You chase margins. I’ll care about my customers.

When right choices cost money.

If this crazy, reality-television of an election cycle has taught us anything it’s that transparency and trust are entering a world incapable of spin. Despite continuing to speak about Democratic Socialism (as opposed to rebranding it as Nordic Capitalism) Bernie Sanders has gotten farther in this race because he seems to be the only candidate saying and operating under the same principles for the last 50 years. Whether you agree with him or not you should be paying attention, because the Trump way of doing business is coming to a close.

Shows like Shark Tank, books about global logistics, and the outsourcing vs. insourcing debate are all dancing around a single issue; what’s the goal of your organization’s existence. The primary goal for most has been,

We are in business to make money.

But ask 99 out of 100 small business owners what they’re doing to get new customers and the answer comes back like clockwork.

“We’re all word of mouth over here.”

So on a global scale we have corporations operating to maximize every penny from every customer and on a micro level we have business owners leaving every aspect of the growth of their business up to chance conversations around a BBQ pit. That’s how we’ve operated for the last 65+ years. And it’s quickly disappearing. Why?

Because now, when you care about your customers the world knows. It’s not just little Johnny and his mother you help out of the car who feel valued. It’s her posting to Facebook how good you were to let little Johnny play with your socket wrench while you fixed the Smith’s sprinkler system and now her entire women’s group knows you’re the best damn plumber in the area. Because you built trust.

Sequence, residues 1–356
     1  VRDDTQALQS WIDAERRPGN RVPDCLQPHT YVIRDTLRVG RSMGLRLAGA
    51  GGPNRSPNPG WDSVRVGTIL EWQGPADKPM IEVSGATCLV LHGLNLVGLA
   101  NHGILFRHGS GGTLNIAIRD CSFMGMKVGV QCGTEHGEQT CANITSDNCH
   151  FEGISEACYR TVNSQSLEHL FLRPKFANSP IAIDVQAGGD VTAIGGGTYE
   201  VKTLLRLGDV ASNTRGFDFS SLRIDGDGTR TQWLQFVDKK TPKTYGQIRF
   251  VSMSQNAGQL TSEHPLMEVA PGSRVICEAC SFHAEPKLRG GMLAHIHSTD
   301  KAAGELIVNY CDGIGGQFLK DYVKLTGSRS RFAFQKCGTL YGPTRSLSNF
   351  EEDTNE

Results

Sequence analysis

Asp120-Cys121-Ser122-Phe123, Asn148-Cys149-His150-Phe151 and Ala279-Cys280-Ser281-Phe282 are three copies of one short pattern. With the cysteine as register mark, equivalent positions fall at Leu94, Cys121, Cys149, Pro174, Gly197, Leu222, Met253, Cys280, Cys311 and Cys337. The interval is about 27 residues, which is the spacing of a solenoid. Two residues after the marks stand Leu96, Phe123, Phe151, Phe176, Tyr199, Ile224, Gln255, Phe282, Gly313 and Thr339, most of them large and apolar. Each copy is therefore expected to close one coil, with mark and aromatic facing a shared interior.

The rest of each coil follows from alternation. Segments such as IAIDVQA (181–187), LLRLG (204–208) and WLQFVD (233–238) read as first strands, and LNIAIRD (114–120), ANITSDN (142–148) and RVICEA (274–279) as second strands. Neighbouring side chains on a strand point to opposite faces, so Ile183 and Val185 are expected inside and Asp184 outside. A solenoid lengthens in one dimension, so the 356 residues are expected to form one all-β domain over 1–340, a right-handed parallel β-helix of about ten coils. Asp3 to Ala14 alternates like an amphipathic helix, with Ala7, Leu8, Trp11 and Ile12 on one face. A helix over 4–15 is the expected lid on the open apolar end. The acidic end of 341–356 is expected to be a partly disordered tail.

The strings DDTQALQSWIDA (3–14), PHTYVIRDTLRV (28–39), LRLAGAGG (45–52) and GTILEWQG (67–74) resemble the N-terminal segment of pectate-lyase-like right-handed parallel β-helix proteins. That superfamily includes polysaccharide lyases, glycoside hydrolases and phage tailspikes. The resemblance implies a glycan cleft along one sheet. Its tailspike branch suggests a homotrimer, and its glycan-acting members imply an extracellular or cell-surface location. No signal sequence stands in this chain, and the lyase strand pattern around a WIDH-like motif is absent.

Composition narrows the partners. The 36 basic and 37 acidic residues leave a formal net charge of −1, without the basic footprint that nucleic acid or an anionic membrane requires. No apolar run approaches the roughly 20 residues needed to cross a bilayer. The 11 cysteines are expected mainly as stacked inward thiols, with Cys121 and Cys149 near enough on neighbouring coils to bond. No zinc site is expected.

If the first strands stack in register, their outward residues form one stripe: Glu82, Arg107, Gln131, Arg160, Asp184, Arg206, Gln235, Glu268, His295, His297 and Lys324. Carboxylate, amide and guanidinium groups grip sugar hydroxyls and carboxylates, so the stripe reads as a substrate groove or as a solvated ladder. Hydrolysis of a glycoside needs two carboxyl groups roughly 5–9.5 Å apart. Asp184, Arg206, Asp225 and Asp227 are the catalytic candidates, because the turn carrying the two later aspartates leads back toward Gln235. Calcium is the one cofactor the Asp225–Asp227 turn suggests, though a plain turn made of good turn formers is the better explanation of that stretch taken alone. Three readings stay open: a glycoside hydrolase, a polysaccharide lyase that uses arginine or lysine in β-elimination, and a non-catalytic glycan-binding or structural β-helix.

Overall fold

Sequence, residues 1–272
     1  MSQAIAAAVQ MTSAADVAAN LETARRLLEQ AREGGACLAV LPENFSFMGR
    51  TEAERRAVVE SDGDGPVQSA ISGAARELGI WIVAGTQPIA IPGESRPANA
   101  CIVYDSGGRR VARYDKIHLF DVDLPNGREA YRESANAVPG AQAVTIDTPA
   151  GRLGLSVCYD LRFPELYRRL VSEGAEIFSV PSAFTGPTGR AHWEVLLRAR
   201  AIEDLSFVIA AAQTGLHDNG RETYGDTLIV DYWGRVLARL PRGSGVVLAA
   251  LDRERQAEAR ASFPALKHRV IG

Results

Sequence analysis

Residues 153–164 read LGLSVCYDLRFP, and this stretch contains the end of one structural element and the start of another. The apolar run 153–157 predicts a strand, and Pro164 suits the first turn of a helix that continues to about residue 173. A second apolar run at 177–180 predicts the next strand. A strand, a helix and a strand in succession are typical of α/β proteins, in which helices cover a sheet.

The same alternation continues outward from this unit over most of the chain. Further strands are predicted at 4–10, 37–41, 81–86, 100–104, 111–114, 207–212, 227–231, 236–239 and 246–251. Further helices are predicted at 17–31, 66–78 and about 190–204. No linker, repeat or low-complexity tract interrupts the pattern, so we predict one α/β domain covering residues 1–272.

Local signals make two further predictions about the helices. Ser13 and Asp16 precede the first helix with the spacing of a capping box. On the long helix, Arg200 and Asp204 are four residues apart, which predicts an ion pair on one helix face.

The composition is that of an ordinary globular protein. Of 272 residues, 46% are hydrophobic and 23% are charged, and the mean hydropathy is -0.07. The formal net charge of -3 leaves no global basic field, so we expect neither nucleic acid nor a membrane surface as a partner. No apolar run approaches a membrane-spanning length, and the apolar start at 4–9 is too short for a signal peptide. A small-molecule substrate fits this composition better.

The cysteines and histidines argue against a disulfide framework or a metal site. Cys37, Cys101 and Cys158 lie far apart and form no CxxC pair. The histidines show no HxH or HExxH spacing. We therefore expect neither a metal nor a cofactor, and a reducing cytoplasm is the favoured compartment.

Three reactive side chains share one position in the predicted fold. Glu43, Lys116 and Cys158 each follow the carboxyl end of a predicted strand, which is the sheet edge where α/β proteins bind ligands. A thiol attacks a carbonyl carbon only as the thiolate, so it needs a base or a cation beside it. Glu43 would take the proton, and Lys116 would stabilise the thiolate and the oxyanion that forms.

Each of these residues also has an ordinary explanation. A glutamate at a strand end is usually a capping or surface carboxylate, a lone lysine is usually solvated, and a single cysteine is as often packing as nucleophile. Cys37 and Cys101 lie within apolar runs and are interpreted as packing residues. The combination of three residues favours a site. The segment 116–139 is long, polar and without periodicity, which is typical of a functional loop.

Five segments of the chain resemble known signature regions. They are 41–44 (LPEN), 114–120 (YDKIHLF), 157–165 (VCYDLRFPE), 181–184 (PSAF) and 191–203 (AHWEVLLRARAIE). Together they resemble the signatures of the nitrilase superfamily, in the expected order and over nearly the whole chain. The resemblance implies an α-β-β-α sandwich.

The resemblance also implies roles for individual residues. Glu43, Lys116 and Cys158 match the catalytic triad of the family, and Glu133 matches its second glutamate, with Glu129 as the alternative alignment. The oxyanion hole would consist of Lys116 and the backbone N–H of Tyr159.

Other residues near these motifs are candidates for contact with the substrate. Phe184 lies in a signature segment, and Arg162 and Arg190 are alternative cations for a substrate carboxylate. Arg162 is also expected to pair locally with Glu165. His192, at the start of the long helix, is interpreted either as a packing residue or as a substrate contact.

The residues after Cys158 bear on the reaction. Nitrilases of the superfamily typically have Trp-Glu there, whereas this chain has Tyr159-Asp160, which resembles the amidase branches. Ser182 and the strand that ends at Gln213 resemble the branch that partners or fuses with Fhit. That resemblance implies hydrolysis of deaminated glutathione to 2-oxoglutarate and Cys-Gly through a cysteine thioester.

Gary Vaynerchuk explaining the ROI of holding an umbrella for someone

Okay, fine. But we still have to care about our margins. So let’s still bring in the MBA and figure out how to leverage costs.

Stop! Caring about your customers extends beyond “customer service”.

The world is moving towards small town rules and if you think it’s just through customer service you’re going to be left behind. Let me give you a real example.

I run a men’s only yoga line called Cabra Yoga. We’ve been slowly building up our collections, interacting with our customers, establishing a community. It’s hard work, especially since I’m doing pretty much everything myself, with occasional and invaluable help from my very talented friend Abbey Pint.

The majority of our apparel was being made with a performance cotton blend. It’s a quality fabric but with the bootstrap nature of our company our margins were low to begin with. We thought we were fine. But one day I got the following feedback.

I wore your Flagship shirt during a run and got chaffing bad! What the-!?!

A single comment. So we tested it. I took our Flagship Tee on a run for 18 miles around Manhattan. And you know what happened? Chaffing.

So we spent the next several months testing fabrics, finally arriving at a three way blend of polyester, performance cotton, and rayon for a weathered, vintage look while being softer and absorbing more sweat. The only problem was these shirts cost more to make. A lot more.

What did we do? We cared.

We changed every shirt’s fabric across the entire store to the new blend.

We kept the prices the same.

We gave up more margin.

We added free shipping to members of our Cabra Tribe.

And we continued to put people first with donations from each sale.

If you don’t feel valued as a customer of your business then you’ve no right to be in business. Period. We don’t build businesses by making money. We build businesses by getting customers. And we get new customers by caring about people and delivering on that care. Margins be damned. Because at the end of the day

We’re in business to provide value.

Welcome to the global “small town”. If you need to make a change in your company, I hope this gives you the courage to do so.

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